Posted by Paul Petrich Jr on 7/3

I live on the eastern shore of Maryland near the Chesapeake Bay.  We often hear bald eagles from our yard, but only rarely see them fly over.  One afternoon I was walking my dog when I saw an osprey fly over carrying a fish. While I was watching, a bald eagle slammed into the osprey causing it to drop it’s fish onto the street in front of me. The bald eagle swooped down, grabbed the fish and flew away with it. It was an amazing sight-one I’ll never forget.

Posted by Stephanie on 7/4

Awesome stories!

Posted by Dana on 7/4

The furthest north I have seen Bald Eagles is on the Port Clarence, Bering Sea near the town town of Teller Alaska.
In 2013 my field trip had a juvenile sitting on the ice in late May.

Posted by Rich Cimino on 7/4

I live in Long Island New York and about 10 years ago I went on an eagle cruise from Greenport in February (brrr!) .  We crossed the LI Sound and went up the Connecticut River, hoping to see bald eagles. I was very impressed to see about a dozen of these majestic birds perched in trees or flying over the river! Now fast forward to the present, and we in Long Island are very excited to have our very own pair of Bald Eagles nesting right here! Last summer I was surprised and amazed to see a mature bald eagle flying over the bay, and at first I couldn’t believe my eyes but then I found out that they are in fact here grin hopefully they will be successful in raising young and we will see more of them!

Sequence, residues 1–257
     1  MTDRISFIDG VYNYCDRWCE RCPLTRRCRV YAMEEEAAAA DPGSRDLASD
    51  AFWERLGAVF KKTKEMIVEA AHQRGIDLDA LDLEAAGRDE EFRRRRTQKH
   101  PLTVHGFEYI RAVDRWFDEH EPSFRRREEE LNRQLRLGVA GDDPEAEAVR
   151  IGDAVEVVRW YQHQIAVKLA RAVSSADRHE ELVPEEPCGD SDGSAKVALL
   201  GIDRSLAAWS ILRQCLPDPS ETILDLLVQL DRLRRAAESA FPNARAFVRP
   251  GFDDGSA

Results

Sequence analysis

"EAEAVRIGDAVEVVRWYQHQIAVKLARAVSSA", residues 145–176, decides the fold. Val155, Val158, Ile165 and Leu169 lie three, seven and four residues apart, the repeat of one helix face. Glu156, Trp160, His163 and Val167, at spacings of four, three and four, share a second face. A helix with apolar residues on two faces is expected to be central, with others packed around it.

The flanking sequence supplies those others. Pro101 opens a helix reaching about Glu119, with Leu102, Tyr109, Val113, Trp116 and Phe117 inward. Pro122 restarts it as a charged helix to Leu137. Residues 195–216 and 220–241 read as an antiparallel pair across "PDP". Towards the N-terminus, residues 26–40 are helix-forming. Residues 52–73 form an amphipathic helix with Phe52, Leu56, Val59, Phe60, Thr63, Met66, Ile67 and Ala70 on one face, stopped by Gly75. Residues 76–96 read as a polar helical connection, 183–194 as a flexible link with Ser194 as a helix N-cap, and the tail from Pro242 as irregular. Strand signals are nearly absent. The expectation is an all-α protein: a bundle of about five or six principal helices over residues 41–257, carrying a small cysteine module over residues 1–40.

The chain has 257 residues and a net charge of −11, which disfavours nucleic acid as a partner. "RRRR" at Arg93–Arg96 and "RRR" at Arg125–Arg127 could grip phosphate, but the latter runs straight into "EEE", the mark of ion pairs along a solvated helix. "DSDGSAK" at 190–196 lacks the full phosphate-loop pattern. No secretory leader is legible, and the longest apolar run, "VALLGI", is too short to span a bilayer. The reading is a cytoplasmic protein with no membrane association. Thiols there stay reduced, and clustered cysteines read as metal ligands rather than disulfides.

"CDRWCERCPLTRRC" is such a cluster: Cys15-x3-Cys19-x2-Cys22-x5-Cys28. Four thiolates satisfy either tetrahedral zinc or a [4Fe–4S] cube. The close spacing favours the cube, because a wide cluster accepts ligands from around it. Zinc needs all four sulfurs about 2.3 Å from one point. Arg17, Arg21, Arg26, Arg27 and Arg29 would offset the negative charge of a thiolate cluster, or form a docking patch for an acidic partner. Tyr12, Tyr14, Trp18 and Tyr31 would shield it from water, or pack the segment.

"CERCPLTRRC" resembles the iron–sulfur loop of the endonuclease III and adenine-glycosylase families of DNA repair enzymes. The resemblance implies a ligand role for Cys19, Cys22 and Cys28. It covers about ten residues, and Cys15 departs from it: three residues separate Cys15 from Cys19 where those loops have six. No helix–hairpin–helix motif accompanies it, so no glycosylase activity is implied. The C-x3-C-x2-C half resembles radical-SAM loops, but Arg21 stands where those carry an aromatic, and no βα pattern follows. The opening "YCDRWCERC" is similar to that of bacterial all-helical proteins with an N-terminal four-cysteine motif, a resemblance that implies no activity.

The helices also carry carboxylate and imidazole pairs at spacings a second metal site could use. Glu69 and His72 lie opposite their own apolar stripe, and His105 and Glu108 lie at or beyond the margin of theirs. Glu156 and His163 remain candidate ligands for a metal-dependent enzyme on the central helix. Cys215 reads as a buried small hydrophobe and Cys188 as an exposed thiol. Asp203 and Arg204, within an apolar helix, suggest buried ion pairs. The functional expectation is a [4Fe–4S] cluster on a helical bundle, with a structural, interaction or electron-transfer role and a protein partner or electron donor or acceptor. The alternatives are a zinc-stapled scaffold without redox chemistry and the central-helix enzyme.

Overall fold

Posted by Barbara Lindemann on 7/4

I want to make a quick mention of the Decorah Iowa eagle cam. I have watched this pair of eagles raise three clutches of three eggs. There have been highs and lows while watching this view into an eagles nesting life. The best being seeing one of the eggs hatch from beginning to end, the female laying each egg, the feedings, the instinctual habits of these magnificent raptors. The lows where when one of the fledglings were electrocuted shortly after leaving the nest, fleas that were so bad it caused the eaglets to leave too early with dire results. But watching this camera in Decorah, Iowa is a wonderful experience and I recommend it to everyone.

Posted by Deborah Smith on 7/4

My favorite place to see them is Blackwater National Wildlife refuge in Maryland. But my dream is to see one here on Long Island since they are finally making a comeback here. This year I’ve heard of 4 nesting pair on the island though I’ve not seen them. When the nest are found, the parks usually close off the area around them so they don’t get disturbed.

Posted by Karen Mott on 7/5

I live on a small lake in eastern Arkansas…in the fall/winter we have a eagle that comes t fish, I have had the honor of watching a eagle catch a fish…GOD BLESSING AMERICA

Posted by mandii on 7/5

I have been following a live cam of a local pair of bald eagles since it went live on the Internet 7 years ago. Duke Farms and Conserve Wildlife Foundation of NJ held a contest for educators this year. The teacher chosen would attend a banding of eaglets. I was chosen and attended the banding of a pair of eagles who nested near home. What a thrill it was to not only follow the events at this nest, but to actually meet the 2 eaglets, and to hold the female during the banding process! An experience that will never be forgotten. The male was the first to fledge, and his sister (the eagle I held) left yesterday. How special that she fledged on the 4th of July! Bald Eagles in NJ are a great success story, going from just 1 nesting pair by 1970 to 156 nesting pairs with 201 young produced in 2014. I can’t wait to reach the state report this year! Fly eagles!

Posted by Diane on 7/5